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Unfettered By Sutton E. Griggs Characters: 5954

Updated: 2017-12-06 00:03

"This is a matter worthy of investigation," mused Dorlan Warthell, some few moments after his chance meeting with Morlene. His head was inclined forward slightly, an unwonted sparkle was in his eye, and half a smile played upon his serious face. His mind was seeking to grasp the outlines of that beautiful face which he had just passed.

"Never," said he, "has Dorlan Warthell, the serious, allowed physical beauty to so charm him. But is it mere physical beauty that has so suddenly thrown itself across the pathway of my mind so that it will not move on? Has nothing met me more than that lovely form, the head of a queen, angel face, eyes that thrill? I may be mistaken, but methinks that nature has given that choice dressing to a choice spirit. At any rate I hope to meet her again."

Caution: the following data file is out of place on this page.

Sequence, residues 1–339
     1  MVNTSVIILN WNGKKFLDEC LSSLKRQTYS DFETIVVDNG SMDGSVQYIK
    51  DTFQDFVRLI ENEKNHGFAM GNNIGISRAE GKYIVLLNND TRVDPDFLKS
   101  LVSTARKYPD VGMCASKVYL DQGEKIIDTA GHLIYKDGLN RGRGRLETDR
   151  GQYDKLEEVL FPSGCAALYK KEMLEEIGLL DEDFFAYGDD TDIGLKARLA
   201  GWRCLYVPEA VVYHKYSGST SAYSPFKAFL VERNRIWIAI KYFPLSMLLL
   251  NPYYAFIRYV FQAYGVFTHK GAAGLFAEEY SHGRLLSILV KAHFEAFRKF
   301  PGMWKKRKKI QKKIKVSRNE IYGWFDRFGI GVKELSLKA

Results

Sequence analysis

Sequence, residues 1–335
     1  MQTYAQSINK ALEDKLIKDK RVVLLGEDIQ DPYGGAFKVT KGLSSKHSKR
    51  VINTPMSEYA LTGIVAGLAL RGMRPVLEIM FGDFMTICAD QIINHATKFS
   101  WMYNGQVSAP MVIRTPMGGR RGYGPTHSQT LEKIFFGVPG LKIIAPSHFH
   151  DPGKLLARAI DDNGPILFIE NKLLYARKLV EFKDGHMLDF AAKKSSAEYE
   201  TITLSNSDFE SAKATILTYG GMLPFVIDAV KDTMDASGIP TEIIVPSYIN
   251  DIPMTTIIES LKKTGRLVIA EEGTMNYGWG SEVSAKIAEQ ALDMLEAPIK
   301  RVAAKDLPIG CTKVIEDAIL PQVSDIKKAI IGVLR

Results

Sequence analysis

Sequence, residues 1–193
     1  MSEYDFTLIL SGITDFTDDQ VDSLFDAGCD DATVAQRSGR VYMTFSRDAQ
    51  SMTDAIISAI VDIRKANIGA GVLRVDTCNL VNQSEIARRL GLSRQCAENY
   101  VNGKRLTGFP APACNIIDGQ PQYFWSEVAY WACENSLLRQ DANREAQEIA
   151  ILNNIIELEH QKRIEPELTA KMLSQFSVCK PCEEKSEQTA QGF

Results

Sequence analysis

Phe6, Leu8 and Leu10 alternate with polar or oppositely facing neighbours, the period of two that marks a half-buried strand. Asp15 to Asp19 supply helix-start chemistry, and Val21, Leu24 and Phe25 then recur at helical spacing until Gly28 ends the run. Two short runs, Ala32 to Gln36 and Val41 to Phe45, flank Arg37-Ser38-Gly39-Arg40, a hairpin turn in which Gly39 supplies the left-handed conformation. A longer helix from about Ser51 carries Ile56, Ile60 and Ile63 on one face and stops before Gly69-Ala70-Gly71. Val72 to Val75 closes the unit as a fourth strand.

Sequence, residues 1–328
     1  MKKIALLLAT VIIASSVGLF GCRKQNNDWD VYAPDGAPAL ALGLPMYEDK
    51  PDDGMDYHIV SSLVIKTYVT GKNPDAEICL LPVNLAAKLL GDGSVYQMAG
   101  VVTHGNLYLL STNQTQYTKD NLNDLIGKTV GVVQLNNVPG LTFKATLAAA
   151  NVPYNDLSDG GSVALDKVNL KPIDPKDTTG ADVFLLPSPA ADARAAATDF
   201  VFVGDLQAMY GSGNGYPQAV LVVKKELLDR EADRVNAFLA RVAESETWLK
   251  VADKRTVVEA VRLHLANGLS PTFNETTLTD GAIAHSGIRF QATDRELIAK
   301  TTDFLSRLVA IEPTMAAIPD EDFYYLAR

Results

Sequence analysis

Dorlan Warthell arrived at his boarding place within a few minutes and, when seated at the supper table, spoke as follows to Mrs. Morgan, his landlady: "I notice that our street has some new denizens since the time of my sojourn here a few years ago."

"Yes," replied Mrs. Morgan, "There are Mr. Crutchfield, Mr. Yearby and Mr. Dalton. These gentlemen have all come to this street since you were with us last."

"Who lives in that beautiful cottage painted white, with that wonderful assortment of prettily arranged flowers in the front yard?"